|Degrees & Certificates|
|Social Media Directory|
Finding Job Opportunities in a Down Economy
With unemployment rates hovering at a staggering national level of 9.5 percent, it is clear we are in the middle of a long and difficult period of joblessness even though there are longer-term impending labor shortages in key industries like health-care and education.
As the baby-boomer generation ages and hits retirement, they will need increasing levels of health-care. Even as current local budget shortfalls force funding cuts for teachers, long-term demographic shifts ensure that there will be a continuing need for educators -- including at the post-secondary, doctoral level.
These are trends that are beginning to manifest nationwide. According to the Bureau of Labor Statistics, health-care jobs are expected to grow by as much as 55 percent between 2006 and 2016, adding approximately 3 million new health-care jobs to the economy. The education sector is undergoing a similar shift where the field is on pace to increase by almost 11 percent, adding nearly 1.5 million jobs to the economy by 2016.
The good news is there continues to be an active job market, and there are jobs present despite the uncertainty in the economy. A primary difference between the job market now and just a few years ago, however, is that competition for individual jobs is stronger -- which requires more of an entrepreneurial spirit and drive for individuals to harness those opportunities, making this the perfect time to return to the classroom and capitalize on new careers in fields that are in dire need of human capital.
For all the job seekers in this situation, how can you use it to your advantage? How can you harness the tools accessible to you and make a move into a career field where there is not only growth but also opportunity?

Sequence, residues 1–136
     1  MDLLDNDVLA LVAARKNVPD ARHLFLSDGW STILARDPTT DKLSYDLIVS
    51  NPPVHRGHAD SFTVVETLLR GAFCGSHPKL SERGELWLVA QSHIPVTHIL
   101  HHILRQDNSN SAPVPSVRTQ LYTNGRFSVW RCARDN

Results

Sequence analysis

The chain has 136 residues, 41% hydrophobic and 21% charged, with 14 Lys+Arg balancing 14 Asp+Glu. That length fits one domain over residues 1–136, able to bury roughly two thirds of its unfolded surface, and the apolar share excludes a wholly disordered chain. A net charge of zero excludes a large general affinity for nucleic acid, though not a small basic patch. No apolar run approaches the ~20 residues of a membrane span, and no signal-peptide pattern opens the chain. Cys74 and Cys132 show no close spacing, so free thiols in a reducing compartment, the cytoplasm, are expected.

1. Stay well-informed. Information is key. In order to take advantage of labor trends, you need to have the full picture, which can only come from avoiding the myopic view of a singular news source.
2. Package your human capital. You are your best advocate. Your resume and cover letter can open doors to new opportunities or make you unmarketable. Make sure your cover letter explains more than just your experience and describes the unique problems that you can solve for a company given your prior work and education.
3. Go back to school. Research continues to show that increased education and human capital development leads to more long-term choices and increased career earnings. Increasing your education to develop key skills and relevant applied knowledge can help you further your career and put you ahead.
Though the economic situation may seem dire for job-seekers, those with stronger educational credentials and relevant experience are having more relative success in the job market than those without such credentials and experience. In short, the marketplace for skilled workers is a "buyers' market," and those with a mix of relevant and up-to-date knowledge and experience have more of a chance to be noticed than others. With labor and economic markets remaining in flux until after the mid-term elections and with uncertainty about the business climate continuing, there is no better time to add to or enhance the skills that you have and improve your resume.
Jobs are present despite the uncertain labor markets. It will take an entrepreneurial spirit, drive and knowledge for you to harness those opportunities and step into a new career. Above all, your education is the key. Keep yourself educated, and you will find the opportunities.
William Schulz III, Ph.D., is the Associate Dean at Walden University's School of Management. Dr. Schulz specializes in strategic management, entrepreneurship, workforce development and building leadership capacity. He has served as the secretary of the Institute for Behavioral and Applied Management (IBAM) and is a former chair for the United States Association of Small Business & Entrepreneurship's (USASBE) Entrepreneurship Education Division.
Permission must be obtained from CareerBuilder.com to reprint any of its articles. Please send a request to firstname.lastname@example.org.